Learning Analytics – Levels of Analytics
Levels of Analytics
Learning analytics, and its related but separate discipline of Educational Data Mining (EDM) can be seen to operate at different levels, or scales. Following the nomenclature of Ferguson and Buckingham Shum (2012), analytics operate at three broad levels:
Macro Level Analytics exist at national and/or sector level. In the crudest sense these could be represented by league tables of Institutions based on various metrics of performance. More nuanced uses might look at sector level trends such as participation rates compared to socio-economic data, drop out rates etc.
Meso Level Analytics typically exist at the level of an individual Institution. An example from a technology enhanced learning context might be a benchmarking exercise looking at the number of departments and modules using electronic management of assessment approaches.
Micro Level Analytics are those that are more likely apply to individual learners, and it is perhaps these that we think of more specifically when we think of “learner analytics” proper. These might include information that helps an individual learner assess their own performance, either over time and/or in comparison to peers. It may also refer to processes that can help to identify students who might be struggling in some sort of way, and plan interventions to help this. Another familiar example might be the giving of collective feedback on an assessment task, where a lecturer might identify mistakes (and good points!) commonly made by groups of students and share these with them to improve future performance. Whilst this maybe something that lecturers have done for years, increased use of electronic assessment methods might be able to provide a more detailed analysis, should this be useful.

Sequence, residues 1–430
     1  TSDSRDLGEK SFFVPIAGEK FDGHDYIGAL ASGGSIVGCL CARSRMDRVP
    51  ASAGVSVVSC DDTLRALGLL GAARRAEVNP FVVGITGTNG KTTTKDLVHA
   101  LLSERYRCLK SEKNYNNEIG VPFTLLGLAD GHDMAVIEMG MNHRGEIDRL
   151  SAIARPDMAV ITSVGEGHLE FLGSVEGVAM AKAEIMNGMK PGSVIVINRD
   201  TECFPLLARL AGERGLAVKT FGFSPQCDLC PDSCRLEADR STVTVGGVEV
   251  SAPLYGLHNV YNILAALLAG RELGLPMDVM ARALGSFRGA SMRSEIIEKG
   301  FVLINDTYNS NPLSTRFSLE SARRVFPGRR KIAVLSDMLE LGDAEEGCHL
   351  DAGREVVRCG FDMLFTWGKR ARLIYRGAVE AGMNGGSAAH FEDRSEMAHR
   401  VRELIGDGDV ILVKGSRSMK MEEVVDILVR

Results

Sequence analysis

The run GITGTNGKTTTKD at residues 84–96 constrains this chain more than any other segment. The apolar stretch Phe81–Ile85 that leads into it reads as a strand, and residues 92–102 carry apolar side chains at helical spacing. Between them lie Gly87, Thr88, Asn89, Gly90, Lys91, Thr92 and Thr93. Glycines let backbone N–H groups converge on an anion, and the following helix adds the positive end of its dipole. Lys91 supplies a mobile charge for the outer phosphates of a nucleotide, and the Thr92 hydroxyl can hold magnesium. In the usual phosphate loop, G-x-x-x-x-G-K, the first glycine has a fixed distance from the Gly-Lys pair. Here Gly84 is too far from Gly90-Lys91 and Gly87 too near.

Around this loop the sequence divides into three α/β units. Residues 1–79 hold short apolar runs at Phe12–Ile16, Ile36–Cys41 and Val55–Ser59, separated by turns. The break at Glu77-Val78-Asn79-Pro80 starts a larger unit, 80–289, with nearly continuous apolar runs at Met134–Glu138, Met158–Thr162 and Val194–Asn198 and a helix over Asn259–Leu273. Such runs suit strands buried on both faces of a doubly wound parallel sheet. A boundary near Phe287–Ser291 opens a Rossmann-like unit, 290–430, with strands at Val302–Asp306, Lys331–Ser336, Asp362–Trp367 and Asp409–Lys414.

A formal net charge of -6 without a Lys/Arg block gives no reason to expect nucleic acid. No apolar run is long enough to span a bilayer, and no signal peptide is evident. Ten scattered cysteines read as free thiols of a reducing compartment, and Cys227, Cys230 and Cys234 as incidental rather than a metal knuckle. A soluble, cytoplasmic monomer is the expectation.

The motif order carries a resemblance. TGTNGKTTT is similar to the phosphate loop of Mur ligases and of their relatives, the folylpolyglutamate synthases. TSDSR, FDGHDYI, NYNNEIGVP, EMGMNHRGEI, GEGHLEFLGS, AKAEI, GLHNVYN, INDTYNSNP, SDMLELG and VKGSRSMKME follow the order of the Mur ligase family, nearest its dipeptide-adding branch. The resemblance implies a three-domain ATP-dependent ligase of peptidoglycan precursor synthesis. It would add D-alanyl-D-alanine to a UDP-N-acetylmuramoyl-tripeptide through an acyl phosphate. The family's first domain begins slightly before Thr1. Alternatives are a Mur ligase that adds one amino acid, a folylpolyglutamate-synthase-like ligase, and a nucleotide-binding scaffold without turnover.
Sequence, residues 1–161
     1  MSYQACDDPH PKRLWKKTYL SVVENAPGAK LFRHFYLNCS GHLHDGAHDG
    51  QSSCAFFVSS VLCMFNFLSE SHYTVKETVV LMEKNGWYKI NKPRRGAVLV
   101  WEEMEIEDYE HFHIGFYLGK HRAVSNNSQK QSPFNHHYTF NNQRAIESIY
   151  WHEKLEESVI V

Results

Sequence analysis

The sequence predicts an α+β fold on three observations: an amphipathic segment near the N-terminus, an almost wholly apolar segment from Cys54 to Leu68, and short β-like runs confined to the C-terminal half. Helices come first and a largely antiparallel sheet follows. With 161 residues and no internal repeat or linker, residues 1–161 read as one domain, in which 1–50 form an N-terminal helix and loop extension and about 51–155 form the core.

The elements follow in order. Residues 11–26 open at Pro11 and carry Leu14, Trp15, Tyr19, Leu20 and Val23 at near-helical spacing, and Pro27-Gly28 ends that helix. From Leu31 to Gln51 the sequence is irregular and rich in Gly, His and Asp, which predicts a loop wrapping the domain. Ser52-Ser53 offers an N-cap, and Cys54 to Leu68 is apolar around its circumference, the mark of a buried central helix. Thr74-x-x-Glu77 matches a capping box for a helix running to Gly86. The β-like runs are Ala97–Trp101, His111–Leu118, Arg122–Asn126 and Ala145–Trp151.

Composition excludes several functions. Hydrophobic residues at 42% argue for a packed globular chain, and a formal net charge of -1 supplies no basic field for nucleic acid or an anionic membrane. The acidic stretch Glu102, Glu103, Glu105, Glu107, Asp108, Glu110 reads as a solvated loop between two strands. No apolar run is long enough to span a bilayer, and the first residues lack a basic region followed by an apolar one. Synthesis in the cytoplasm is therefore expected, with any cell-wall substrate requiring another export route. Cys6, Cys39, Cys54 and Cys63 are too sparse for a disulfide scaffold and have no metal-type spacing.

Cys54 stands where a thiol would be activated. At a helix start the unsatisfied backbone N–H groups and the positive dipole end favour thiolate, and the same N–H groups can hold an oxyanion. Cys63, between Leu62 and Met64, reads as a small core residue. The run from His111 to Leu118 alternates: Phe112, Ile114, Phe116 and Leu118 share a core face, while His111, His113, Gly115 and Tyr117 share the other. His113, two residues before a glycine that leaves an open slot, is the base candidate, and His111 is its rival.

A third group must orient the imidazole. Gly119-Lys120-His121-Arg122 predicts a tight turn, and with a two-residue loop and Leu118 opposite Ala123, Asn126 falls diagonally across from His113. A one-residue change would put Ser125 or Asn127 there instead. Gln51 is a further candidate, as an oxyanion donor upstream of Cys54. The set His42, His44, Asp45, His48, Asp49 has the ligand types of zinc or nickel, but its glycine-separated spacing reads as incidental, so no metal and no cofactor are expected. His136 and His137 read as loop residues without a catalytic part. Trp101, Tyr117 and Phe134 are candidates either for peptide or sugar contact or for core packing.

The use of analytics can also be extended beyond looking at formal assessment data. Other forms of activity, such as engagement with discussion boards within the VLE can also be interrogated. MOLE provides a number of reporting tools that do this (available under Evaluation, Course Reports in the Control Panel for any given course). More informal learning activities can also be analysed, such as engagement with social networking tools. Some of these already have their own analytics tools, such as Facebook, and third-party tools exist for others. An excellent example of one of these is TAGS, developed by Martin Hawksey, for analysing Twitter usage (https://tags.hawksey.info, and also see the blog posts and newsletter articles below on Martin’s equally excellent recent presentation to the White Rose Learning Technologists’ Forum on analytics).
Another form of analytics addresses the use of educational resources, referred to as “paradata”. This again is not necessarily new, as librarians for example have known for years that certain key texts are more popular than others, and have devised means such as short-loan collections and multiple copies of these texts to deal with this. This can now include how learners access resources within a VLE, or how specific questions within online tests are responded to. VLEs and Library systems collect this data automatically, and the vendors of these are realising the sales potential of developing specific additional tools such as Blackboard Analytics. Resources can also be subjected to more qualitative measures of usefulness by learners, similar to “likes” in social networking, or customer reviews in online shopping environments.